WASHINGTON/UNITED NATIONS (Dispatches) -- The United States re-imposed and strengthened economic sanctions on Iran's oil, banking and transportation sectors Monday after the Trump administration withdrew from the 2015 Iran nuclear deal, and vowed further action to pressure Tehran.
The sanctions cover 50 Iranian banks and subsidiaries, more than 200 persons and vessels in its shipping sector, and targets Tehran's national airline, Iran Air, and more than 65 of its aircraft, the statement said.
U.S. Secretary of State Mike Pompeo said temporary oil waivers have been granted to China, India, South Korea, Turkey, Italy, Greece, Japan and Taiwan, some of which are Iran’s top customers. He added that more than 20 countries have already cut their oil imports from Iran, reducing them by more than 1 million barrels.
U.S. Treasury Secretary Steven Mnuchin said he expects European nations to honor Iranian sanctions, but that certain transactions, including humanitarian ones, will be allowed.
Pompeo claimed that the sanctions will accelerate the rapid decline of Iran's international economic activity.
Iran's UN ambassador wrote in a letter to Secretary-General Antonio Guterres the United Nations should hold the U.S. accountable for re-imposing the sanctions on the grounds that they defy a UN Security Council resolution.
"The irresponsible conduct of the United States necessitates a collective response by the international community in order to uphold the rule of law, to prevent undermining diplomacy and to protect multilateralism," Gholamali Khoshroo wrote, calling for the United States to be held responsible.
Also Monday, the Belgium-based SWIFT financial messaging service said it is suspending some unspecified Iranian banks’ access to its messaging system in the interest of the stability and integrity of the global financial system.
In its brief statement, SWIFT made no mention of U.S. sanctions coming back into effect on some Iranian financial institutions.
U.S. President Donald Trump's national security adviser John Bolton said there will be additional sanctions, but gave no other details.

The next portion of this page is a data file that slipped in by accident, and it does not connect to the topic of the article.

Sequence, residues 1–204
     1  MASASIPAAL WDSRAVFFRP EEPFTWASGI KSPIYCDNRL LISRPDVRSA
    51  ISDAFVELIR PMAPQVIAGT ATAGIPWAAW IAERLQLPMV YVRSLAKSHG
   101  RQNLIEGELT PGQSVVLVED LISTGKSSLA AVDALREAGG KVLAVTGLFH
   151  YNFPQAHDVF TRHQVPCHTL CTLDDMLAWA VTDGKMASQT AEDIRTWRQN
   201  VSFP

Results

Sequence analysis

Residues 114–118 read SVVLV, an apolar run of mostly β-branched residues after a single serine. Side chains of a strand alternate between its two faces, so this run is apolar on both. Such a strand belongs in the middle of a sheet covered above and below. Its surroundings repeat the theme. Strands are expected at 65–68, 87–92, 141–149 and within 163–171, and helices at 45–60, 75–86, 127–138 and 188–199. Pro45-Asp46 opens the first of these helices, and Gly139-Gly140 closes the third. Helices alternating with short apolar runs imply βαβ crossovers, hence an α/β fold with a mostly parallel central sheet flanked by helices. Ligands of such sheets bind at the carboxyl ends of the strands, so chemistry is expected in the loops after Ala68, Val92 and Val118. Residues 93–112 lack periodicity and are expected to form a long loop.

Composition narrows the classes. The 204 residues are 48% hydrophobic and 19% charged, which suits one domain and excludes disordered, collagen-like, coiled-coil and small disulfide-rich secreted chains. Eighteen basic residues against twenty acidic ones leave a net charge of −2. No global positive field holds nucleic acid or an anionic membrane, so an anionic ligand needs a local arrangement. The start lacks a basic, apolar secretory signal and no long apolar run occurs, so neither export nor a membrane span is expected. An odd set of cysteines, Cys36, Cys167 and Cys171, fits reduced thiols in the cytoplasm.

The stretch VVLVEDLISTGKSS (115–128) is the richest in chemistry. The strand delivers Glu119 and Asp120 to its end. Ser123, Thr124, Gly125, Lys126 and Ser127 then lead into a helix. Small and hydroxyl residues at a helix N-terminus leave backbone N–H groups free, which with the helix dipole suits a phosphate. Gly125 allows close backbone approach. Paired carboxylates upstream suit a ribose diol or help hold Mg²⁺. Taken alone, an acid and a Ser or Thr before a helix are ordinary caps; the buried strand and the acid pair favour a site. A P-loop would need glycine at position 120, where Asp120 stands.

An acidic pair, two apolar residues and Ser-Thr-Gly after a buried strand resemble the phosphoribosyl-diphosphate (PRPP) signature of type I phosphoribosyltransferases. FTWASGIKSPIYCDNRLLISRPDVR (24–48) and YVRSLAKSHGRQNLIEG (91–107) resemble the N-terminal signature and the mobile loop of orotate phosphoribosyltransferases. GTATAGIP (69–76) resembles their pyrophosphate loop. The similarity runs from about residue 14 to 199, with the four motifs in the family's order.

"We're going to have sanctions that even go beyond this. We're not simply going to be content with the level of sanctions that existed under (former U.S. President Barack) Obama in 2015," Bolton said in an interview on Fox Business Network, according to a transcript. "More are coming."
Iran dismissed as "economic war” the U.S. drive to curb Tehran’s missile and nuclear programs and diminish its influence in the Middle East.
Foreign Minister Muhammad Javad Zarif said the "bullying” restoration of oil and banking curbs was backfiring by making Washington more isolated, a reference to other world powers opposed to the initiative.
European powers which continue to back the nuclear deal said they opposed the reapplication of sanctions and major oil buyer China said it regretted the move.
"Today the enemy (the United States) is targeting our economy...the main target of sanctions is our people,” Iranian President Hassan Rouhani said.
"America wanted to cut to zero Iran’s oil sales...but we will continue to sell our oil...to break sanctions,” Rouhani told economists, adding the sanctions were illegal and unfair.
"This is an economic war against Iran but... America should learn that it cannot use the language of force against Iran ... We are prepared to resist any pressure,” Rouhani said.
Foreign Minister Zarif said Washington had made itself more isolated by pursuing the sanctions.
"U.S. bullying is backfiring... The U.S. — and not Iran — is isolated,” Zarif said in a tweet.
The European Union, France, Germany and Britain said they regretted the U.S. decision and would seek to protect European companies doing legitimate business with Tehran.
China, India, South Korea, Japan and Turkey - all top importers of Iranian oil - are among eight countries given temporary exemptions from the sanctions to ensure crude oil prices are not destabilized.
Rouhani said even without the waivers Iran would still be able to sell its oil.
Acclaimed British journalist Peter Oborne believes the American strategy is doomed to failure, and will likely end in humiliation for the U.S.
"In the medium term, it will backfire; the U.S. and its allies will lose influence, while Iran will gain confidence and power," he wrote on the website of the Middle East Eye.
"In the worst case scenario, it will result in a war whose consequences will be incalculable," he added.
The holes in Trump's strategy were outlined in an article in the New York Times earlier this week, pointing out that China and India will continue to buy Iranian oil in addition to Turkey and Russia.
Even close U.S. allies, including France and Germany, as well as Britain, have expressed their intention to continue trade with Iran without the use of the dollar.
"All of this means that the Trump administration has made an epic miscalculation," Oborne wrote.
"Trump thinks that he can take the international community with him as he embarks on his economic war against Iran. He can’t - and this spells mortal danger for the U.S.," he added.
According to the journalist, Trump is playing for very high stakes and "if he loses, much of the global power of the U.S. will collapse."
Successive U.S. presidents have used the reserve currency status of the U.S. dollar as a weapon to isolate the country’s enemies and to enforce its will.
"If Trump fails in his economic war against Iran - and I believe he will - it will signal to the world that the dollar can no longer be used as a foreign policy weapon," Oborne said.